Amalfi is a beautiful town, as beautiful as its name and the legends and history associated with it. Amalfi was the nymph Hercules fell in love with, and it was the capital of the maritime republic known as the Duchy of Amalfi, an important trading power in the Mediterranean between 839 and around 1200.

The relics of Saint Andrew, the Apostle, are kept at its cathedral, and it is believed that this town was one of the first centers of paper making in Europe, a skill acquired from the Arabs. The hand-made thick paper they still produce is called “bambagina” (bambagia means cloth in Italian). It is exported to many European countries and America, and has been used throughout Italy for wedding invitations, visiting cards, and elegant writing paper.

The Amalfi coast is famed for its production of limoncello liqueur, and the area is a known cultivator of lemons. The correct name is "sfusato Amalfitano," and they are typically long and at least double the size of other lemons, with a thick and wrinkled skin and a sweet and juicy flesh without many pips.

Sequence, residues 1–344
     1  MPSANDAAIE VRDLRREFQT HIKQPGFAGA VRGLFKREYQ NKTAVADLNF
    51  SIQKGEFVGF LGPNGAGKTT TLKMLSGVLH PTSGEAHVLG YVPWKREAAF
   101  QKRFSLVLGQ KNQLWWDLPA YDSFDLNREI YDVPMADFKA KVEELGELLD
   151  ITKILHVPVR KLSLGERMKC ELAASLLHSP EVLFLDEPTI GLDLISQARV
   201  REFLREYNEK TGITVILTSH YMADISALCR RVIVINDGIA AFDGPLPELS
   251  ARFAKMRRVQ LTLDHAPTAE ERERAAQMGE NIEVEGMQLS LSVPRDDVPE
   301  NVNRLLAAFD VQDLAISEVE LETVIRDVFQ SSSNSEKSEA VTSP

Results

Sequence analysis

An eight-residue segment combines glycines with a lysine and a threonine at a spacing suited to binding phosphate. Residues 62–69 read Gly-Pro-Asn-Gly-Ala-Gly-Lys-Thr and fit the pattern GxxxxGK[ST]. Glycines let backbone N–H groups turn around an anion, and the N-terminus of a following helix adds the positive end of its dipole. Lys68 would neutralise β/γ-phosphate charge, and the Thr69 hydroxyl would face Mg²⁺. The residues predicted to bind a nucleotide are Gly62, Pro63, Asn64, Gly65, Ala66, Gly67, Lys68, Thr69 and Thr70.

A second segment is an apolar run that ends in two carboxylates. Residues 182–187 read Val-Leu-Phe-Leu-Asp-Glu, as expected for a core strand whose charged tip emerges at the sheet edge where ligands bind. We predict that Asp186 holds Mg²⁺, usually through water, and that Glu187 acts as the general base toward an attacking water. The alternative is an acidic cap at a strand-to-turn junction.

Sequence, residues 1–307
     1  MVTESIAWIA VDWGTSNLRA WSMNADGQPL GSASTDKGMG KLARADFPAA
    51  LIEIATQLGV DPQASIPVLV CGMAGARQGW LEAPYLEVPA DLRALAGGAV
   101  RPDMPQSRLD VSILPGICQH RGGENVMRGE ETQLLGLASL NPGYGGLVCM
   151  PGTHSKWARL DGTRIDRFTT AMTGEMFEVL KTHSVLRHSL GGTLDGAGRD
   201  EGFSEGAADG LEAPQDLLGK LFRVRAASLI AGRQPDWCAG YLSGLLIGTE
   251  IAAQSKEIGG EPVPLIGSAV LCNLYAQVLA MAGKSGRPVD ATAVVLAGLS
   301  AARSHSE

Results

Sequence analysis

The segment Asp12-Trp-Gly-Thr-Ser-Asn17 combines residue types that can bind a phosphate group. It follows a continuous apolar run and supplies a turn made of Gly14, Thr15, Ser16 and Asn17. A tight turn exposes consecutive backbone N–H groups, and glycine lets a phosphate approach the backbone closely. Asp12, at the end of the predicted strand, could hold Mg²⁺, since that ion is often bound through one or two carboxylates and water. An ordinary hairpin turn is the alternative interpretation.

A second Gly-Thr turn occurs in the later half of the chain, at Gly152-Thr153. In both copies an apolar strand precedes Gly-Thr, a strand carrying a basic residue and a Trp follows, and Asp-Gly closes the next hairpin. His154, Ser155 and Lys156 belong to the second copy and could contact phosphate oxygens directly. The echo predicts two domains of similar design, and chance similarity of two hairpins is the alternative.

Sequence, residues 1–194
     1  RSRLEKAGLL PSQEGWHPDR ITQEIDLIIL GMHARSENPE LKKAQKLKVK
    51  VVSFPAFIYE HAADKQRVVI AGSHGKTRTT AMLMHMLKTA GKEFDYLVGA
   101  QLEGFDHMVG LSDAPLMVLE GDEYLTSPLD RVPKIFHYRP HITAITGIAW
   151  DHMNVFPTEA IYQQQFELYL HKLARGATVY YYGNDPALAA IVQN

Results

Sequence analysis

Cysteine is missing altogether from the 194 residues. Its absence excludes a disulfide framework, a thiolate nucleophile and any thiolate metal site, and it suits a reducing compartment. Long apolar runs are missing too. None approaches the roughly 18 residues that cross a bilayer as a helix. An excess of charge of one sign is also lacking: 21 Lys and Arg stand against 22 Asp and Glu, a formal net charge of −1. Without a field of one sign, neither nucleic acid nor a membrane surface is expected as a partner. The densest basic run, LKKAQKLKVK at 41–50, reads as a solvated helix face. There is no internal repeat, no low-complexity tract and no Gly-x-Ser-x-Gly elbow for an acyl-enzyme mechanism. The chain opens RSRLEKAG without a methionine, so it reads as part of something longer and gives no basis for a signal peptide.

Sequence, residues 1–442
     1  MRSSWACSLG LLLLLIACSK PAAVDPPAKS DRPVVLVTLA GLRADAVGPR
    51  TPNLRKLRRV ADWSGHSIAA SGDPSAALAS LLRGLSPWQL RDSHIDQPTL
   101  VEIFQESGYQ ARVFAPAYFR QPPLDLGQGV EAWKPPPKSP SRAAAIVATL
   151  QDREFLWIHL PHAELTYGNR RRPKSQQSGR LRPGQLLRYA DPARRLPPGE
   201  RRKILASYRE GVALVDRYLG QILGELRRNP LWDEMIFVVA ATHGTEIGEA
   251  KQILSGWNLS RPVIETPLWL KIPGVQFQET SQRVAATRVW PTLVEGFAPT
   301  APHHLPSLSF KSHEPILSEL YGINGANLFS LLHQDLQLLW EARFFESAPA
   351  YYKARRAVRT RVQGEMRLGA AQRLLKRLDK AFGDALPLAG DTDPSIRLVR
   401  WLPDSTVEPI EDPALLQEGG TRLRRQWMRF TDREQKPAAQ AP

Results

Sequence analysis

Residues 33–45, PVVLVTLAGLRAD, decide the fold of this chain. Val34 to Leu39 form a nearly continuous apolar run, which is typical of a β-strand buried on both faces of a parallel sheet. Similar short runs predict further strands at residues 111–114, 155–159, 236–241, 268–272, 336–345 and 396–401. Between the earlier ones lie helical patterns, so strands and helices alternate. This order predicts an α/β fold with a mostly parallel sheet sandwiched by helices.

Amalfitan war galleons were among the largest to be found in the Mediterranean during the Early Middle Ages. It is hard to believe that they were built in this narrow bay, at the foot of Monte Cerreto.

We explored it all, absorbing the colors, flavors, legends, knowledge, and smells. It was a morning to celebrate life in a busy and colorful destination. In the afternoon we learned from our lecturers. National Geographic Certified Photo instructor Jose Calvo gave a presentation about iPhone photography. Lindblad historian David Brotherson spoke about Pompeii, and National Geographic historian Bill Saturno gave a lecture on “Acts of Creation Written Among the Stars.”

Tonight, we will leave mainland Italy behind to get into the Aeolian Islands in the Tirrenian Sea. I will offer star gazing underneath the spectacular sky with constellations that remind us of playful gods and goddess of old times.